I believe ethnography could play a more effective role in design if we were to extend ethnographic research analysis and develop experience models. Experience models are one example of highly successful representations that offer an analytical device, a generative tool and a shared reference point. I am concerned that if we as practitioners do not adopt such representations and thus make our findings more actionable, then ethnography will become restricted to two roles: developing sensitizing concepts, which will probably carried out in academia, and context setting, which will be seen as sufficient. This appears to be the current trend.

I think there are two related areas of research. Firstly, we do not know the limitations of experience models and how they could be improved. Secondly, I believe there is more to the transitioning between understanding and design than using experience models and we need to articulate a best practice. For example, what are the work environments that are best suited to transitioning and are there other analytic devices and communications tools we could use? By exploring this area, I believe we will make ethnographic research more effective at “informing design”.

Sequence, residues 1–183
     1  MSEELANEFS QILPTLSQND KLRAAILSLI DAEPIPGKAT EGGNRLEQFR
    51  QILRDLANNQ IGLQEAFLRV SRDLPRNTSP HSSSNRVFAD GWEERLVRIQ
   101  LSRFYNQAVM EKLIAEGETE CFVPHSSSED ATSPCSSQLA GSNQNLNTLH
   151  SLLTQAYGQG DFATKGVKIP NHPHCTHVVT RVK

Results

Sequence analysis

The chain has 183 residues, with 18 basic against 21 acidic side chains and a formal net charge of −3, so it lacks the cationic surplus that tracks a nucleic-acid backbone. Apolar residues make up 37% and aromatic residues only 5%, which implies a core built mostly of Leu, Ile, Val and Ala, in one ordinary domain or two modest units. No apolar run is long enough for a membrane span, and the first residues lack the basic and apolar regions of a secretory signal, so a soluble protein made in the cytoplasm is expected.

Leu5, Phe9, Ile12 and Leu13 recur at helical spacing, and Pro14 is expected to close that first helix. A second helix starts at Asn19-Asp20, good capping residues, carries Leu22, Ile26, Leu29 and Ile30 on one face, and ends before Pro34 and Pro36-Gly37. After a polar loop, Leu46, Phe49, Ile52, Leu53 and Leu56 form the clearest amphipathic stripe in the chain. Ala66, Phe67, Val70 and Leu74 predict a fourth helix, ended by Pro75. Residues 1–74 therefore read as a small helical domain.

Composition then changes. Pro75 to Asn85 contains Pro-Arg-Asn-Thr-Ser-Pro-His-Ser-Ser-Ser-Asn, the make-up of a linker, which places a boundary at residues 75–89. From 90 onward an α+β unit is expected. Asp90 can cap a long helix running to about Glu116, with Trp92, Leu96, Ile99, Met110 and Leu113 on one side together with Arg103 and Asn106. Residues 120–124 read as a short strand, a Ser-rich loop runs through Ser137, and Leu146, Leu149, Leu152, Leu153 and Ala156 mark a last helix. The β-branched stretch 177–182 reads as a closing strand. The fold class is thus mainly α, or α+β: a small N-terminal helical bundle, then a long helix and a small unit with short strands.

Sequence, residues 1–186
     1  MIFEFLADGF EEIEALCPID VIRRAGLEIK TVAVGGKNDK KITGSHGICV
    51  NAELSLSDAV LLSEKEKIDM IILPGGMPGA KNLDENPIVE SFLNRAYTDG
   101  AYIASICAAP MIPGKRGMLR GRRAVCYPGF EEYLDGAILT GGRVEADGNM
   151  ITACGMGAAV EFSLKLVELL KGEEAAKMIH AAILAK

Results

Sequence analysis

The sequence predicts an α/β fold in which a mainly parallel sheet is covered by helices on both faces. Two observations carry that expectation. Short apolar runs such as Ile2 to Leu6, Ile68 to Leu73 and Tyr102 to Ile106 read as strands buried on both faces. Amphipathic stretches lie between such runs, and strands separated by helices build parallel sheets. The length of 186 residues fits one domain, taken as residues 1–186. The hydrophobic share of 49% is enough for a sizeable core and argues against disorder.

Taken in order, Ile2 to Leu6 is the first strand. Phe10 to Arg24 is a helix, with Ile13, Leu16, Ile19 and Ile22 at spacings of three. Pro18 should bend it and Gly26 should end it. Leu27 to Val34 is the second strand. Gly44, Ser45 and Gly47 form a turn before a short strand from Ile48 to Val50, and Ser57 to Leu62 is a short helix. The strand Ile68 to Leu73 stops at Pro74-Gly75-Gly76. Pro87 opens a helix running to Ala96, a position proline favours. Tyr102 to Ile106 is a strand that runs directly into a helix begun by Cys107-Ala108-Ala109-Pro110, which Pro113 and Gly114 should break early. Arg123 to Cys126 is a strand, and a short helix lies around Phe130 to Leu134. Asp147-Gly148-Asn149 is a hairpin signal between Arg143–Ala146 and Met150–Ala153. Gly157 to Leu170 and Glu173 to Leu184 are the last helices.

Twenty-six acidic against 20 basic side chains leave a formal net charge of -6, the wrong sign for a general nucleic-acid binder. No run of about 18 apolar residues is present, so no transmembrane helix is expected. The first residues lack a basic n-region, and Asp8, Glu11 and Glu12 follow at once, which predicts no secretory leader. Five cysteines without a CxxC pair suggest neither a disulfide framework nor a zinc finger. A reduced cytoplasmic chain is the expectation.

I would like to thank Elizabeth Anderson, Melissa Cefkin, Paula Neal and Hayley Reynolds for their insightful comments on an earlier draft of this paper. Their comments gave me cause for reflection and helped me refine my thinking.

Rachel Jones is founder of Instrata, which specialises in people-driven innovation, user research and user-centred design services across Europe, and parts of Asia, Africa and the US. Prior to starting Instrata, Rachel was an Experience Modeler at Sapient and a research scientist at Xerox EuroPARC.